New York’s oldest working priest reflects on a life of service to the poor
Father Gerald Ryan, 92, on the power of his Irish heritage and faith
He saw the era of massive change sweep across the Bronx, with parishes changing from ministering to whites only to including blacks and Hispanics. Through it all he stayed with the people, became a committed supporter of civil rights and was a leading figure in integrating the newcomers to the church.
“He encouraged the people, stay in the South Bronx, rebuild the South Bronx,” Felix Santiago — who has been a member of the parish since 1983 — told The Times of the aftermath of the Bronx's arson epidemic in the seventies. “He’s the mayor of 138th Street.”
The Rev. John Grange, 72, the pastor of nearby St. Jerome’s, agreed. “Jerry wasn’t outspoken,” he told the TImes, “but he was a force behind things.”
Ryan credits his commitment to the people in part to the simple Irish faith he learned at home.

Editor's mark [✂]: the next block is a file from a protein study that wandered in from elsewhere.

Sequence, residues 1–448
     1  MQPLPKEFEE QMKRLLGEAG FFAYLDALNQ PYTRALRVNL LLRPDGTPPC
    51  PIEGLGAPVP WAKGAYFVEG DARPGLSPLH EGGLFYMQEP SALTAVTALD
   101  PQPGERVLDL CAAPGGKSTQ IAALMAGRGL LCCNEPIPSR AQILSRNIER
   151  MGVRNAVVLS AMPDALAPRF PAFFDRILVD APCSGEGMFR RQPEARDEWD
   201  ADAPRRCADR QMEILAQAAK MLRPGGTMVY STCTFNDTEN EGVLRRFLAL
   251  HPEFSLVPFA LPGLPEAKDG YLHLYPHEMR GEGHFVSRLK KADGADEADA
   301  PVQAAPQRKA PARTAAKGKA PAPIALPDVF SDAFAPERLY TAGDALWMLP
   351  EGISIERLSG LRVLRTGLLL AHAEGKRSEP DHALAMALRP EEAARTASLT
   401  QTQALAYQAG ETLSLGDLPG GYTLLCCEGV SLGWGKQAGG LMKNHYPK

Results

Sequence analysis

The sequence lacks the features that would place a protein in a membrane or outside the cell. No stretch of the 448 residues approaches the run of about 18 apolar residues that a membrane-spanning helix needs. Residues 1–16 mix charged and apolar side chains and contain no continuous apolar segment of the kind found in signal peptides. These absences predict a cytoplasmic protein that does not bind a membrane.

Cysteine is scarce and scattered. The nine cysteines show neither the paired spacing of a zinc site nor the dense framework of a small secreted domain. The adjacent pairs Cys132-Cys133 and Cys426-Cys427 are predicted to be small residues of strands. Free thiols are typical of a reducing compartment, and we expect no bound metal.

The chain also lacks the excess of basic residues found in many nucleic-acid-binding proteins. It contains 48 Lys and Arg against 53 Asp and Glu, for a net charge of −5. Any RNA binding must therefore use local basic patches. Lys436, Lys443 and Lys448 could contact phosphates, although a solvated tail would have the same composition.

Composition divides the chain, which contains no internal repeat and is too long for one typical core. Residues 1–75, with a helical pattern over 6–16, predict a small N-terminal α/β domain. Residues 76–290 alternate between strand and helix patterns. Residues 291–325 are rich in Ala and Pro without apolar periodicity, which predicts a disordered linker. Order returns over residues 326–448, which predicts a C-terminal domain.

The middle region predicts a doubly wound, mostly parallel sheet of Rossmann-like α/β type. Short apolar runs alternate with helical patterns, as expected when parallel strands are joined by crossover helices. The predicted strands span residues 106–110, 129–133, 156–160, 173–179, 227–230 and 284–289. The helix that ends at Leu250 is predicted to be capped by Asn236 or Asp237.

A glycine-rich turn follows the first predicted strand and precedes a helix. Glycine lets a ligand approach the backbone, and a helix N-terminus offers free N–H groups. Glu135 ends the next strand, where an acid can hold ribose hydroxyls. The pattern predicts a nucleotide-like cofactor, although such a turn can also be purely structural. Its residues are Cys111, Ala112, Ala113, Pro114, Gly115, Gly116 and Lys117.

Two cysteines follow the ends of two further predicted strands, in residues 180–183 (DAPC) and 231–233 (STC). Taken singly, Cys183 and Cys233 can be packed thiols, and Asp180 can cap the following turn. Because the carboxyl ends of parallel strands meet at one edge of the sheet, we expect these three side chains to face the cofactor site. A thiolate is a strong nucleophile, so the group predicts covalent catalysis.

“I’m very glad to be Irish,” Father Ryan told IrishCentral. “The Irish are an interesting, loveable people. I love Ireland and I love being there, and I highly recommend to everyone to be Irish!”
Growing up in New York, the young Gerald Ryan’s parents were part of a tightly-knit community of Irish immigrants, he told IrishCentral. His parents held parties at which “there was always an Irishman who could play [the accordion],” and everyone danced.
“I love dancing!” Father Ryan said.
The young Gerald Ryan absorbed the strong Catholicism in his home, and always knew he would grow up to be a priest.
“Most priests can tell you about their vocation, when the idea came to them,” he told IrishCentral. “I just grew up with the idea.
“I never thought of being anything else.”
His parents were very pleased and proud at his choice, he said. He also has a cousin in Ireland who is a nun.
“She’s one of the world’s most beautiful women,” Father Ryan said. “Beautiful personality, attracts people to her. She’s warm and understanding and delightful to be with.“
After 67 years as a priest, Father Ryan has no regrets as to his choice.
“I love Catholic innocence, warmth and holiness,” he told IrishCentral. “I have no desire for any other profession. I hope to live and to die a priest, hasta la muerte.”
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